In early January 2022 The New York Times Company, publisher of one of the world’s most renowned newspapers, confirmed a $550 million all-cash agreement to buy The Athletic, an ad-free online sports subscription publication that launched in 2016.
At its core, the takeover is a story about news media and the solutions old and startup businesses sought to deliver readers and profits. However, in a purely sports-based context, it could carry lessons in how fans are presented with and consume content about their favourite teams.
The concept behind The Athletic, which primarily distributes long-form features and podcasts, was based on two hypotheses. One was that many sports fans had developed siloed interests – they were spending more time engaging with content about their own teams, and were more discerning in how they spent it there than with generalist coverage. The other was that the collapse in local news media in the US had left a gap in the sports market, with fewer reporters on specific team beats.
That may be incidental to The New York Times’ motivations. It has explained its acquisition in terms of an increase in subscriber numbers: it has targeted ten million paying subscribers by 2025 and currently has eight million; The Athletic has 1.2 million.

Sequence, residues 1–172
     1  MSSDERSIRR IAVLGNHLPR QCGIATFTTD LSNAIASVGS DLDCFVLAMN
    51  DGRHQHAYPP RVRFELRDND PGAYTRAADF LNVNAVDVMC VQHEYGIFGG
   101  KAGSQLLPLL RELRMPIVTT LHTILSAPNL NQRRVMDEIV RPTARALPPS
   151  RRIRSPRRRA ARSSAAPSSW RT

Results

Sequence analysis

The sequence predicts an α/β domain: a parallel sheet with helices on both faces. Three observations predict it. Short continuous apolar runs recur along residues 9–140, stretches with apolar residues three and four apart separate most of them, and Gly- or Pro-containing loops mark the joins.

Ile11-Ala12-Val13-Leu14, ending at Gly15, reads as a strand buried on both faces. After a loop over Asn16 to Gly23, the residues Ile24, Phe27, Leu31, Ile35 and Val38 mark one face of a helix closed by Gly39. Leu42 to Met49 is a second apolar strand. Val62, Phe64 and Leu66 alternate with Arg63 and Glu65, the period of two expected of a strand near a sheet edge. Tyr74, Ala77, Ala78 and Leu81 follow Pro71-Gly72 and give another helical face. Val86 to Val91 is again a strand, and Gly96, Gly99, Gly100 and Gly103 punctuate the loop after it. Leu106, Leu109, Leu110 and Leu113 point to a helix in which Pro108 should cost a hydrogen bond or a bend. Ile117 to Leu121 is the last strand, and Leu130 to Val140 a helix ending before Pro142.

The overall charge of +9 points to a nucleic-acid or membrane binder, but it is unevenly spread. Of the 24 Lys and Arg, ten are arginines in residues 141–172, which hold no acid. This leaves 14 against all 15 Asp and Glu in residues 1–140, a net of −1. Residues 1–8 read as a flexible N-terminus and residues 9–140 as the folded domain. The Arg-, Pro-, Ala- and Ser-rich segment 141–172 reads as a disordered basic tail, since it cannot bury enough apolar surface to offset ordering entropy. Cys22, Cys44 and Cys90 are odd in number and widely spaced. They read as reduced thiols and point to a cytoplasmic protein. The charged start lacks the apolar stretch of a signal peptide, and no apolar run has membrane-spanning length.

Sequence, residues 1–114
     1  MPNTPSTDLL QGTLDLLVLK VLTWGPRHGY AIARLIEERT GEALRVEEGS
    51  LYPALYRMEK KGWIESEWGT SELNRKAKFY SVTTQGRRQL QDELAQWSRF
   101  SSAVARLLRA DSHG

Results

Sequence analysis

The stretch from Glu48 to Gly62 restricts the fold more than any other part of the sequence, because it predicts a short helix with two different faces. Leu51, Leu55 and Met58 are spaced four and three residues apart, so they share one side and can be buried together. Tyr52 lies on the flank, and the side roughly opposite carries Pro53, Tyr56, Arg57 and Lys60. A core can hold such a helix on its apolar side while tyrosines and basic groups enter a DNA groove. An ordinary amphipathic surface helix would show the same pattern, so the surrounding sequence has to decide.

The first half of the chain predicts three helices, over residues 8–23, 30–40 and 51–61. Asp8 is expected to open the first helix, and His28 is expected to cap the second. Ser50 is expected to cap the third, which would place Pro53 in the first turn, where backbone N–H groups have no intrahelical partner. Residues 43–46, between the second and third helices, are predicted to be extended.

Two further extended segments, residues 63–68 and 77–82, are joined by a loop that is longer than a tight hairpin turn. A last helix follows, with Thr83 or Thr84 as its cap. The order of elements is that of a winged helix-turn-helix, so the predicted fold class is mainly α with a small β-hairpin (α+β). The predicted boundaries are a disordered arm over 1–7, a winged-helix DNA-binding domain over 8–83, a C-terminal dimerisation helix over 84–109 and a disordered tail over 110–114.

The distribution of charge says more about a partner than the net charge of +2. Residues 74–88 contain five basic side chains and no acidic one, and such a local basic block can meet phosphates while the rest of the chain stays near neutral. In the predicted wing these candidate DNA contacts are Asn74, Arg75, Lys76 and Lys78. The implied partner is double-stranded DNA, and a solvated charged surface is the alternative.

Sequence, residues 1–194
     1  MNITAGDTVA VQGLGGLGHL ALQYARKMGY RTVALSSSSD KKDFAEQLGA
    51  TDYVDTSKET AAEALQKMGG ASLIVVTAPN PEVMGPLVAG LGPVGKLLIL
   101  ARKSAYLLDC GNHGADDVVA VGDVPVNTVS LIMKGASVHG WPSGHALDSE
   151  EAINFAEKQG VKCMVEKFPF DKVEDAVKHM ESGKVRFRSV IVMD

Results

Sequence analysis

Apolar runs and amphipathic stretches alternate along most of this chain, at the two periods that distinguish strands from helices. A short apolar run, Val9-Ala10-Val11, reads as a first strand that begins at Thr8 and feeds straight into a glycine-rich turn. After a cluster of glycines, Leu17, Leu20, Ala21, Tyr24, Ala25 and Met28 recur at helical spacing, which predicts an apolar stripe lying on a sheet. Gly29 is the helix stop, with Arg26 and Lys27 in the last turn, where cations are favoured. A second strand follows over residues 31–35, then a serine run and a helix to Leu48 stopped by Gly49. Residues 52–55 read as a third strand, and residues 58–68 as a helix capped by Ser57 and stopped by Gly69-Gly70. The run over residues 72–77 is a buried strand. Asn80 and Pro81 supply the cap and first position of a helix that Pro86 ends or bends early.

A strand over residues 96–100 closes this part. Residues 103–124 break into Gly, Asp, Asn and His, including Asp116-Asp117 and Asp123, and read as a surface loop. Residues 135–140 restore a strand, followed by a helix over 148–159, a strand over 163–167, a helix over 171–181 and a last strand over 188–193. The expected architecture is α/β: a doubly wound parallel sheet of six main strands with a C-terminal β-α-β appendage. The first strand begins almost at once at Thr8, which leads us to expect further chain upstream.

The deal was rumoured throughout 2021. Betting providers FanDuel and DraftKings were also named as potential buyers as Athletic founders Alex Mather and Adam Hansmann sought fresh investment. Nonetheless, while The Athletic’s operations in the US and the UK have expanded rapidly in the last five years – the company employs 600 staff, including 400 journalists – its business model is unproven. It turned over around $65 million last year but made a loss of $55 million as it pursued an aggressive, venture capital-backed growth strategy.
Still, with The Athletic set to run independently of its new owner for now, its project will continue in its current vein. Many of the questions it faces will resonate across sports media and marketing as well. It remains to be seen where its offering will settle alongside official and independent club outlets for leading teams, whether those are free or supported by payment options like Patreon.
Powerful community dynamics can be a significant driver of engagement but subscription charges, and the share of wallet they represent, inevitably inspire different expectations. Where elements like shareable user-generated content are paramount on social-led platforms, quality and specificity become definitive once a fee is involved. For some fans, a media outlet’s own brand might carry a competing appeal as well.
All of this, combined with the cost that comes with producing premium content, explain why a company like The Athletic is drawn to networked scale. Once the celebrations of this latest step die down, its vision will face its most compelling test so far.
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